A Catholic School Leads the Way
Stop Three: Speyer, Germany
They were lined up on the stairs and along the windows in the auditorium, more than a dozen teenage girls, whispering to each other and looking at us — leaning over a table and signing and selling books on the stage.
It was a surprising end to a presentation we did at Edith Stein Gymnasium (high school) in Speyer, Germany. When Rudi said at the end of our hour-long presentation and question-and -answer session that we had books to sell, no one moved. I figured Rudi had been right in encouraging me to take very few books into the school. After all, they were teenagers who, if they read at all, probably used electronic devices. But then, suddenly, there was a near-stampede. I didn’t have to say “I told you so,” because Rudi had to sprint back to the car for the rest of the books we had with us.
When we had driven up to the school that morning, a little in advance of our start, we knew nothing about it. When we googled it, we discovered it was a Catholic school. We had gotten the invitation in a very convoluted way and only learned afterwards that Karin Togler, who had suggested we speak there, was a graduate.
When the principal Andreas Kotulla and Annette Meuser, a teacher there, took us on a brief tour, we understood why the students – 190 of them – responded with such heartfelt comments about what they thought of our reading.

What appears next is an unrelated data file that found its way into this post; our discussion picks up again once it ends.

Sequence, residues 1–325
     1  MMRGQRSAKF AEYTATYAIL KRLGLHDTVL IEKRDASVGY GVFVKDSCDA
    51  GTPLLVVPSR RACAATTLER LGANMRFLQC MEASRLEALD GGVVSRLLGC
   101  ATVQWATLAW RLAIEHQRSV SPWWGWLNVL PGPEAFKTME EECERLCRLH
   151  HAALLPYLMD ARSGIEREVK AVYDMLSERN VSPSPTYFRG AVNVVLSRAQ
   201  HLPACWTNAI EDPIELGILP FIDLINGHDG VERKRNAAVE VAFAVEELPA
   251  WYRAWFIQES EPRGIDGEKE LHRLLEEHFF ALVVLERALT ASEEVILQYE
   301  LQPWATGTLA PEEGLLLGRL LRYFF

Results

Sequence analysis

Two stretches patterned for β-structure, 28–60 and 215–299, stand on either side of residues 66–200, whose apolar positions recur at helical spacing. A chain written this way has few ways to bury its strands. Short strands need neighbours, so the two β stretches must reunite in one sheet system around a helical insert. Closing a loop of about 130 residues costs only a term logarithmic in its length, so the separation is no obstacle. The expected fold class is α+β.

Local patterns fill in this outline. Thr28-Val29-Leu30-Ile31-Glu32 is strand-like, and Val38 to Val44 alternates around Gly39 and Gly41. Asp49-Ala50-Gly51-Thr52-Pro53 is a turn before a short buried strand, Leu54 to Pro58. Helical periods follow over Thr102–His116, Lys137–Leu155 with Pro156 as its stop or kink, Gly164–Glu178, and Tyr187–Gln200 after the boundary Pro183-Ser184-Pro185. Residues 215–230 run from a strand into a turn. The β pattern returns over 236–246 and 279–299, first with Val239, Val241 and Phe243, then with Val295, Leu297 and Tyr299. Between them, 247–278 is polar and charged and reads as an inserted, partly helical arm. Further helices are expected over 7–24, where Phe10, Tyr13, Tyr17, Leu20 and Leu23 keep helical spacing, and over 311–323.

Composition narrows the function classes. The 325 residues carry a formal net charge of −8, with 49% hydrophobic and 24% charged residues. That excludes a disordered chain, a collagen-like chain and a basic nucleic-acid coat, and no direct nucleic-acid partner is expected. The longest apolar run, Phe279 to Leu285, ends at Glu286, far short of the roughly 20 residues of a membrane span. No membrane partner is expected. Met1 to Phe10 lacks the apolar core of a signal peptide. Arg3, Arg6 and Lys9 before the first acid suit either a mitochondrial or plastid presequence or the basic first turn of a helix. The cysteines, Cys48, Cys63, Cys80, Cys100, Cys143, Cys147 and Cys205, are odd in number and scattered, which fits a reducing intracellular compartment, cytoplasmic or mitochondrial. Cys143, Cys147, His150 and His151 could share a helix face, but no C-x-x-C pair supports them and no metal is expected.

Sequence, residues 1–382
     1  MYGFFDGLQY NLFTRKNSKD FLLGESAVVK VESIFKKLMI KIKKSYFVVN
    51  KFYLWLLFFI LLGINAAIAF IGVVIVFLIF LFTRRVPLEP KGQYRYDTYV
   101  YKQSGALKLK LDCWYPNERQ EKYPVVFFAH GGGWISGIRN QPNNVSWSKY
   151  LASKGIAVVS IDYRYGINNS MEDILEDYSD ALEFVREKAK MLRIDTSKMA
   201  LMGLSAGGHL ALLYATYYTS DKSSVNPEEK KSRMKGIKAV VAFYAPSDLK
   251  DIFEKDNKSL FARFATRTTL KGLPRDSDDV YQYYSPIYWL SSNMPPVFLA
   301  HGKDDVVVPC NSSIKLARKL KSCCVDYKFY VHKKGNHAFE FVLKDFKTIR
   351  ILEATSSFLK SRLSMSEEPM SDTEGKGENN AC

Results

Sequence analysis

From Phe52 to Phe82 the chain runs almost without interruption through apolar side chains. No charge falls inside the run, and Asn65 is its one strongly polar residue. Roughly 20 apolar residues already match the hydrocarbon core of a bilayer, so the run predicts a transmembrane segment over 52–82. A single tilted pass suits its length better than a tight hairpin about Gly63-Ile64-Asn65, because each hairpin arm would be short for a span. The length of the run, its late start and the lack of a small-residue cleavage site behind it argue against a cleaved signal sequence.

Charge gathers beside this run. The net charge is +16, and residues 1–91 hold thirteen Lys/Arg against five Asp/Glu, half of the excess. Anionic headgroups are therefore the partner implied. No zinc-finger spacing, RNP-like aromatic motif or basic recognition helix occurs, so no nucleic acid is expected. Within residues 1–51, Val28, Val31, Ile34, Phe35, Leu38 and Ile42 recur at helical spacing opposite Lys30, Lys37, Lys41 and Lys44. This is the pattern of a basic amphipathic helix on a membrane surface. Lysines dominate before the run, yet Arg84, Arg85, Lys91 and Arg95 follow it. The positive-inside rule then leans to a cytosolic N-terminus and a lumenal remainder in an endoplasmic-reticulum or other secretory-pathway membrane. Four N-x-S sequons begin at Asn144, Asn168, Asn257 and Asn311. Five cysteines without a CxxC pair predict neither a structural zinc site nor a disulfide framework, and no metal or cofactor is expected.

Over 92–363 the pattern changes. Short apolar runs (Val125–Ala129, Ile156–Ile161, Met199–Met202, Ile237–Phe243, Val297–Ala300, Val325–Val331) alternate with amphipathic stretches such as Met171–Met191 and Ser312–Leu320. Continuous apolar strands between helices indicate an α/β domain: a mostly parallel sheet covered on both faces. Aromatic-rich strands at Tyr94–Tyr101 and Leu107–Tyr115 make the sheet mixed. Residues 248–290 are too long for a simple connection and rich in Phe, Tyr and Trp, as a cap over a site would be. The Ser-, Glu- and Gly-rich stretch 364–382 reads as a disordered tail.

First, the school is named after Edith Stein, who was born into an Orthodox Jewish family, became a women’s rights activist and a nun and was murdered in Auschwitz. Besides that, the school is part of the Speyer Stolperstein Coalition, a group of organizations working to install stumbling stones in the city. The school is raising funds for theirs to commemorate Ursula Michel, a local Jewish girl who fled on the Kinderstransport and was saved. As students filed out of the auditorium after we read, volunteers were soliciting contributions. The Gymnasium also has a display in the school lobby about Jewish history in the area. One particularly moving element was the replica of a suitcase on the table with a book – Packed and Ready to Go.
Although the students listened in total silence and with rapt attention as we told our story and read from the book, no one said anything at first when we asked if there were any questions. Then, one brave girl asked what our parents thought of our romance. That triggered a series of thoughtful comments and questions.
One especially interesting one was whether Rudi had suffered from having a Nazi father. He said no. I used the opportunity to talk about our friend and colleague Elizabeth Rosner’s book Survivor Café. We explained the concept of inter-generational trauma that might be felt by even the great-grandchildren of Holocaust survivors and others who suffer from violence.
I wish I’d put on my reporter hat and asked those teenage girls what it was about our story that resonated with them. I was too busy signing books and making change.
Julie Freestone and Rudi Raab are touring Germany with their novel Der Stolperstein, translated from the American version Stumbling Stone. The book is a literary memorial to Rudi’s Uncle Gerhard Raab, who was murdered by the Gestapo.